Beatty clung to his after the first awkward minutes during which he foundered on the podium after winning the prize, clearly uncomfortable with having to share his immediate thoughts and emotions with the international media. “Maybe I should talk about the book a bit,” he suggested. But his book will not hide him now. Herta Müller’s claim that it was her books that won the Nobel Prize in 2009 could not do anything to stop speculation about her hairstyle and choice of dress doing the rounds in the international broadsheets.
Beatty will also have to get used to the invariable discussion of the cash, and whether it is really desirable for one author to hit the jackpot at the exclusion of everybody else. Mention of money sullies the literary for some.
All of this could be uncomfortable for Beatty, who told the Booker dinner guests of how he cried with joy in front of readers in Detroit some years back when he read aloud from his work for the first time. He had realised just how perfectly it replicated the language in his head. This touching tale from an author who loves his craft made up for his being, in his own words, “woefully underprepared” for speaking as a celebrity at the gala dinner.
Not so the publishers, who have been working up to this for months and will now take every opportunity they can to push their product with shiny stickers and prime displays, just as the laws of celebrity require. Beatty should expect to have numerous meetings with numerous publicists lined up to expedite sales at home and abroad. He may start to feel a little bit like Beyoncé. Unlike Beyoncé, however, literary celebrity doesn’t travel. This could be his writerly salvation.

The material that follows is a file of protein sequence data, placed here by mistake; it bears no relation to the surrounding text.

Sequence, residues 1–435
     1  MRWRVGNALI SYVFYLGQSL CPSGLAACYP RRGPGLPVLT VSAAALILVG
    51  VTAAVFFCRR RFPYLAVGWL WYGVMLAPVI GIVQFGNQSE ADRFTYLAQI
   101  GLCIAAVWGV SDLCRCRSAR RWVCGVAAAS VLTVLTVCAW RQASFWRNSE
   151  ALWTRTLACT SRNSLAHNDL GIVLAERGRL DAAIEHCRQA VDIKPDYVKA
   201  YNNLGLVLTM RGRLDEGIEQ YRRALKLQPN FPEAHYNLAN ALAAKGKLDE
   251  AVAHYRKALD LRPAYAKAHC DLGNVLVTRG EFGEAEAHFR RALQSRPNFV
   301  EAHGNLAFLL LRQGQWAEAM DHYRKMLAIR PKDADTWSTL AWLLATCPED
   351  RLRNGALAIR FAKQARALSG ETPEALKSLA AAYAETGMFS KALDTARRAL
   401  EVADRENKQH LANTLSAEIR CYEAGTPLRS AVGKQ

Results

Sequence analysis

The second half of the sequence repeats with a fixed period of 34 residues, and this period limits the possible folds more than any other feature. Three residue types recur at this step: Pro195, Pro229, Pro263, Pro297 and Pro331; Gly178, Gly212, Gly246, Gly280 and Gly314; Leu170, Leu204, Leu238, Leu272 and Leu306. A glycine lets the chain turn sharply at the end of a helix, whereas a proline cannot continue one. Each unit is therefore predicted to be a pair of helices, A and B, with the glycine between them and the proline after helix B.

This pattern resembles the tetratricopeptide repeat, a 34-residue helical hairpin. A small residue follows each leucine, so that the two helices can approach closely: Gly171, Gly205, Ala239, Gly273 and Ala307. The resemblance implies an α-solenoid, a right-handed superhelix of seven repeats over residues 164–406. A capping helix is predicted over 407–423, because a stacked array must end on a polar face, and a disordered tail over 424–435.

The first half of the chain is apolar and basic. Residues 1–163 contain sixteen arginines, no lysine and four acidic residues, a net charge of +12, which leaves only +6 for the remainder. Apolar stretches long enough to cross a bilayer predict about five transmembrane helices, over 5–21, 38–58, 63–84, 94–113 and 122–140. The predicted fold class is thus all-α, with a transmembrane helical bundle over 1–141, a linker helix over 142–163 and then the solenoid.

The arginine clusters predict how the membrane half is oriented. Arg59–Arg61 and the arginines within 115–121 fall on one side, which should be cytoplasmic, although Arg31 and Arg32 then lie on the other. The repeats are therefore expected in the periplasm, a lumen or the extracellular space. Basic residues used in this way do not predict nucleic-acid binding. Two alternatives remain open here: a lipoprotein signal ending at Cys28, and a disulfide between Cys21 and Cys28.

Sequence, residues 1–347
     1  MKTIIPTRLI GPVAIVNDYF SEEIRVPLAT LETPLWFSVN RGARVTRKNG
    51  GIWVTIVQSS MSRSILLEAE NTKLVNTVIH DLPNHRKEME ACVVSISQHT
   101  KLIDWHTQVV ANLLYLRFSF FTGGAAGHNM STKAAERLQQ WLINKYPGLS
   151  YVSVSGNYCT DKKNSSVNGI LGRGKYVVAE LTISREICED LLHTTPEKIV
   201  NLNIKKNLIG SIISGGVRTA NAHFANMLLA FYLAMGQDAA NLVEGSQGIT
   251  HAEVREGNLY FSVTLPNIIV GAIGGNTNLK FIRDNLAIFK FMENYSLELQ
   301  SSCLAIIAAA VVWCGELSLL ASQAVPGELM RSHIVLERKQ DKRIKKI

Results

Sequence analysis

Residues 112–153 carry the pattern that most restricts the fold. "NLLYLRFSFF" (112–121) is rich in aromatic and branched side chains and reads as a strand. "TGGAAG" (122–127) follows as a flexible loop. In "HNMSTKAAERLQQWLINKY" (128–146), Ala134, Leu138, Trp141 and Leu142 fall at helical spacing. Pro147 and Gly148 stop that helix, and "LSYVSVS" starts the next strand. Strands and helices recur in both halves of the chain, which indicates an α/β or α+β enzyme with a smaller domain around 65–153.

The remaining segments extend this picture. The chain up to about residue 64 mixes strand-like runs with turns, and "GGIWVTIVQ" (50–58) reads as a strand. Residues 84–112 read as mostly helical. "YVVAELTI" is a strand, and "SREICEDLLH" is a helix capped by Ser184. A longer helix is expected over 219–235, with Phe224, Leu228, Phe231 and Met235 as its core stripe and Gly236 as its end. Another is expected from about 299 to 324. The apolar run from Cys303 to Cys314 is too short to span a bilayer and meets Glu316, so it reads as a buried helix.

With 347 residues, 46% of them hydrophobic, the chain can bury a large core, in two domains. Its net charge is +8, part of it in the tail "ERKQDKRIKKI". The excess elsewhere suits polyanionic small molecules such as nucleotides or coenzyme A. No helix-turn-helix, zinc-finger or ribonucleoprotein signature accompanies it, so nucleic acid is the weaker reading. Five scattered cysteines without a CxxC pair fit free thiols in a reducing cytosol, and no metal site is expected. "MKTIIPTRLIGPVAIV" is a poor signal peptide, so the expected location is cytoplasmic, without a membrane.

Although the English-speaking book market is huge and highly influential, it is still just one geographically-bounded market, and not a very cohesive one at that.
Julian Barnes has a strong following in the UK. But he is not such a big deal in the US, where he is (justifiably) described as particularly British. Jonathan Franzen is an A-list literary celebrity in New York, and he’s pretty famous in the UK, but the further east he travels, the more he is in need of mediators. While still a well-known face in Germany, he mainly goes there to bird watch.
Travelling back the other way, Joël Dicker’s French blockbuster The Truth about the Harry Quebert Affair sold 2m copies in Europe, but bombed in the US. Just 13,000 of Penguin’s 125,000 copies sold on its much trumpeted launch, and reviews quickly turned negative. Routinely accosted in his home town of Geneva, he is safe in New York.
Can Beatty take some comfort from these regional quirks that accompany even bestsellers? “I love being lost,” he quipped on the stage as he searched for words. “It’s the only way I get anywhere.” He has been found for English readers, but once his book starts to travel to other places, there are no guarantees that the same piece of writing will arrive as set off. There could be an escape route here.
Readerships are diverse, knowledge and expectations are different, and the more mediators are needed (translators, foreign-language editors, international rights departments), the more the book becomes detached from its biographical author. Some famous authors make it on a global stage, for sure. But there is often remarkably little left of the original author by then.
So here’s a plan for Beatty. He can take the money and settle down to write somewhere where English is not the primary language. He doesn’t have to deny the literary establishment entirely like Bob Dylan, but he could look to put more of the rest of the world on the literary map. Not by selling books there, but by writing them. That would be another kind of sellout – one that might just make people stop and think.
The Man Booker Prize has announced a 2015 longlist featuring 13 novels by authors representing seven nations. The standing list for the £50,000 prize was pared from a selection of 156 books by a panel of five judges, including Ellah Wakatama Allfrey, John Burnside, Sam Leith and Frances Osborne. The shortlist will be announced on Tuesday, September 15th, and the winner of the prize will be made public in a broadcast by the BBC on October 13th.
View original post 1,176 more words